A Letter to a Young Poet. Virginia Woolf.

A Letter to a Young Poet

Banting, John. Soft Cover. London: Published by Leonard and Virginia Woolf at the Hogarth Press, 1932. 1st Edition. Near Fine.

The Hogarth Letters Series No. 8. First edition. One of 6,000 copies. Publisher's stiff cream wrappers, with an illustration by John Banting of a hand holding a pencil poised over a writing pad to the front wrapper in green and black, lettered in black. Near fine, with some light toning to the extremities, else fine. A clean copy. Kirkpatrick A17. Woolmer 314. A Letter to a Young Poet is Woolf's address to John Lehmann that was published as the 8th installment of The Hogarth Letters, a series which also included E. M. Forster's "A Letter to Madan Blanchard," Rebecca West's "A Letter to a Grandfather," and Francis Birrell's "A Letter from a Black Sheep," among others. In this piece, Woolf reflects on the art of poetry, literature, and, specifically, letter writing, which she says "has only just come into existence." Specifically, she is responding to Lehmann's letter in which he praised The Waves and implored Woolf to express her opinion of modern poetry. In response, Woolf argues that a poet needs both introspection and a keen understanding of humankind; she muses, "a work of renovation… has to be done from time to time and was certainly needed, for bad poetry is almost always the result of forgetting oneself" but continues that "all becomes distorted and impure if you lose sight of that central reality," namely the relationship between oneself and the rest of humanity, and implores "-now… that poetry has done all this, why should it not once more open its eyes, look out of the window and write about other people?" Notably, this letter was later collected in the posthumous collection The Death of the Moth (1942).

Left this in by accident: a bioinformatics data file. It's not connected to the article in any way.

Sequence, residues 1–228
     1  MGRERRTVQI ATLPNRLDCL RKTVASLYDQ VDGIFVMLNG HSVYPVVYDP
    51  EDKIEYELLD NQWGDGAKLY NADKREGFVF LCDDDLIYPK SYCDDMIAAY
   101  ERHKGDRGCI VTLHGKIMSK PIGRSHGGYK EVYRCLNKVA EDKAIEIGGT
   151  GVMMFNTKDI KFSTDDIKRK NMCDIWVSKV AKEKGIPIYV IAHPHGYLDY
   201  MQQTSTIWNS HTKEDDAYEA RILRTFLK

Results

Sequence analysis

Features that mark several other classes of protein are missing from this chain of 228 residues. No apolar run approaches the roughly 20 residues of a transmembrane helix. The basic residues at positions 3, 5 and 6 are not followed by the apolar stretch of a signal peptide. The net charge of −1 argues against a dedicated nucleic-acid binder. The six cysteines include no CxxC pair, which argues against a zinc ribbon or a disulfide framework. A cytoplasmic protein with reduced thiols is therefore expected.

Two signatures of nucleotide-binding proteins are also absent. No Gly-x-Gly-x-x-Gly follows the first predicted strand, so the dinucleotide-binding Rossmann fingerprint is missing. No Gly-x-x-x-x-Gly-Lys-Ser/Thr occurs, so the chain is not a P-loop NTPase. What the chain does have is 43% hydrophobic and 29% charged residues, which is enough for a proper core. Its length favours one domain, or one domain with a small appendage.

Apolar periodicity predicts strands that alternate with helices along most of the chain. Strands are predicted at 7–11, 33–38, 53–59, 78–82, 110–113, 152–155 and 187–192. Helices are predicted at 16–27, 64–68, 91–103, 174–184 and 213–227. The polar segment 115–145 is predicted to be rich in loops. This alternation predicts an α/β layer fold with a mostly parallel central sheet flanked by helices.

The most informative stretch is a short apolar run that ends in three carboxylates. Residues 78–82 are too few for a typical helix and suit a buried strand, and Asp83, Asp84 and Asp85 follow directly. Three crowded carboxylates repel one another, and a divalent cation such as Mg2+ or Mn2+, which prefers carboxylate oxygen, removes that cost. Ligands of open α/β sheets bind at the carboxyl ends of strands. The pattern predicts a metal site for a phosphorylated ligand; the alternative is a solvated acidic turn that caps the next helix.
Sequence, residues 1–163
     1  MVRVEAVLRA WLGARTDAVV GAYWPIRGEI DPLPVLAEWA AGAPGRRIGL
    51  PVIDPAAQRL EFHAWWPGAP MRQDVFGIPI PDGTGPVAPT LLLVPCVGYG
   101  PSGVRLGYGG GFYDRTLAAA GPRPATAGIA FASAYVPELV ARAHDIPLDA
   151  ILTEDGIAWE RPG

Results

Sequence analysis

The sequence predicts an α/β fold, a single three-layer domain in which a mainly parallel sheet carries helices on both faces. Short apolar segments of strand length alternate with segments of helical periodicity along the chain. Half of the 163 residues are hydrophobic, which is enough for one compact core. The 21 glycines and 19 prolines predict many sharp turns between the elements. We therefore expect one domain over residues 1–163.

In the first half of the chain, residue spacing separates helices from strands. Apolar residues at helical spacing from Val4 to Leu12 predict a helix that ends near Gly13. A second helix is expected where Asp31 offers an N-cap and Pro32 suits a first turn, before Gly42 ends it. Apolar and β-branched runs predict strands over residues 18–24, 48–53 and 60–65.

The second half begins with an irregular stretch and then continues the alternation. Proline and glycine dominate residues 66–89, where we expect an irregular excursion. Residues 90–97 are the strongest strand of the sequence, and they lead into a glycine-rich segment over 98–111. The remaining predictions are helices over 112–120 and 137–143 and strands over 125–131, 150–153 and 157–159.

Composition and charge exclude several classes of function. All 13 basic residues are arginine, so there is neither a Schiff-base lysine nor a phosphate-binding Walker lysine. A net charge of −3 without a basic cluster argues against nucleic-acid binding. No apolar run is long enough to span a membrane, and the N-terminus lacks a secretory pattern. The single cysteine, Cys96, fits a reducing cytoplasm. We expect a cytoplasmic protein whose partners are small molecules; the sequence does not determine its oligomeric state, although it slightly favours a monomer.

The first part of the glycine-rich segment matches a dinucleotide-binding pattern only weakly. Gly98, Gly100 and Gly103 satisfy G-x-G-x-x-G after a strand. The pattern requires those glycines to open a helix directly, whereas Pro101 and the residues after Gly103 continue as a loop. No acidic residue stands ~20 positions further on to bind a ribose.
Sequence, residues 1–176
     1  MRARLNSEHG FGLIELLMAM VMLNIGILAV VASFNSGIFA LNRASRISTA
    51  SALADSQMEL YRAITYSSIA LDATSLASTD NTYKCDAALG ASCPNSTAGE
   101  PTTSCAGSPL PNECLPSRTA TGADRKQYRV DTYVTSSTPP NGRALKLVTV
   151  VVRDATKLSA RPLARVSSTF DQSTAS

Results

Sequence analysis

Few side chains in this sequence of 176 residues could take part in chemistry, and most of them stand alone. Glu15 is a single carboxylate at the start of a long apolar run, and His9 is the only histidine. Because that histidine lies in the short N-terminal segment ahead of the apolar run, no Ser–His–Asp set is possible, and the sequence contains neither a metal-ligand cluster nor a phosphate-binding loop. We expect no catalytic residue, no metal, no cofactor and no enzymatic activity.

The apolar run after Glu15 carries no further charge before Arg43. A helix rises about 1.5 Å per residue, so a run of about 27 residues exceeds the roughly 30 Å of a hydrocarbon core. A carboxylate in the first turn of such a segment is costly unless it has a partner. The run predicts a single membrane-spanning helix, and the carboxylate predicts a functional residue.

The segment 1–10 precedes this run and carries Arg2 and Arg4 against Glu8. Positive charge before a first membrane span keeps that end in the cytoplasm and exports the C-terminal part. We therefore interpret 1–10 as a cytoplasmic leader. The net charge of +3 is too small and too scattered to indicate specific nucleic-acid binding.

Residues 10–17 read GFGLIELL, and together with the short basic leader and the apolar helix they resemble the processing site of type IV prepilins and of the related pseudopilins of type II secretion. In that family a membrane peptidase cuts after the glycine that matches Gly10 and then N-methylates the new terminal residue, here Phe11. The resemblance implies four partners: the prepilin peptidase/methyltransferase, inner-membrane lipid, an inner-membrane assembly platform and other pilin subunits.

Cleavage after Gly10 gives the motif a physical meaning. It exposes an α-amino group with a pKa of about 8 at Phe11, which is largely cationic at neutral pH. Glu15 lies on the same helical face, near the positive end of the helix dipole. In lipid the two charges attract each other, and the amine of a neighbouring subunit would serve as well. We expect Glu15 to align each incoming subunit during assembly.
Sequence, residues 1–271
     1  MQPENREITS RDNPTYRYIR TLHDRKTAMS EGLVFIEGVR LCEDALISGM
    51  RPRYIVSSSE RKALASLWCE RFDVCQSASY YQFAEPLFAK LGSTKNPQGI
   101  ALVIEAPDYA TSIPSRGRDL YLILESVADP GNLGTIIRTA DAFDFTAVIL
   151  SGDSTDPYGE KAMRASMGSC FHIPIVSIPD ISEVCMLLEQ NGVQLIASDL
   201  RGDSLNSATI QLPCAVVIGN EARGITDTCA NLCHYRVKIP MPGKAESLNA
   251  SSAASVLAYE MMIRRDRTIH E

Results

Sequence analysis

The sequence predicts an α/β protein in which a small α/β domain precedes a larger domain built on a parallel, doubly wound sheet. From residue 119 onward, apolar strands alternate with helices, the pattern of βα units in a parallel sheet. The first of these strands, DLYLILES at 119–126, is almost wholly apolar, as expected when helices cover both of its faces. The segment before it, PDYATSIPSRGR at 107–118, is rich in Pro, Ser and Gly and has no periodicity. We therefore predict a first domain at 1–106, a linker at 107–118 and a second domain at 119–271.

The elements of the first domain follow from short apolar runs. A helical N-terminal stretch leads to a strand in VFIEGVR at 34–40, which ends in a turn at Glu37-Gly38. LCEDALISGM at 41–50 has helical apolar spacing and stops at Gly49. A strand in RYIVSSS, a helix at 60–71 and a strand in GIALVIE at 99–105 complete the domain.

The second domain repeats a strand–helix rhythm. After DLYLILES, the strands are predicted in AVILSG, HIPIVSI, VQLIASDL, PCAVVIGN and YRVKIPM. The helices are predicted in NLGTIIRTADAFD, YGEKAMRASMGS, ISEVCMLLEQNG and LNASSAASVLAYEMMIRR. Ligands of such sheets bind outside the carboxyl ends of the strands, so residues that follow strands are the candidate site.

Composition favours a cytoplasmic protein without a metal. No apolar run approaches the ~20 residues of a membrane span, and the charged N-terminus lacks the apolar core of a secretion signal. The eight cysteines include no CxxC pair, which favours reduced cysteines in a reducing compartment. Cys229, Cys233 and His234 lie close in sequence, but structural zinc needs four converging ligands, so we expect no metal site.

Item #VW093

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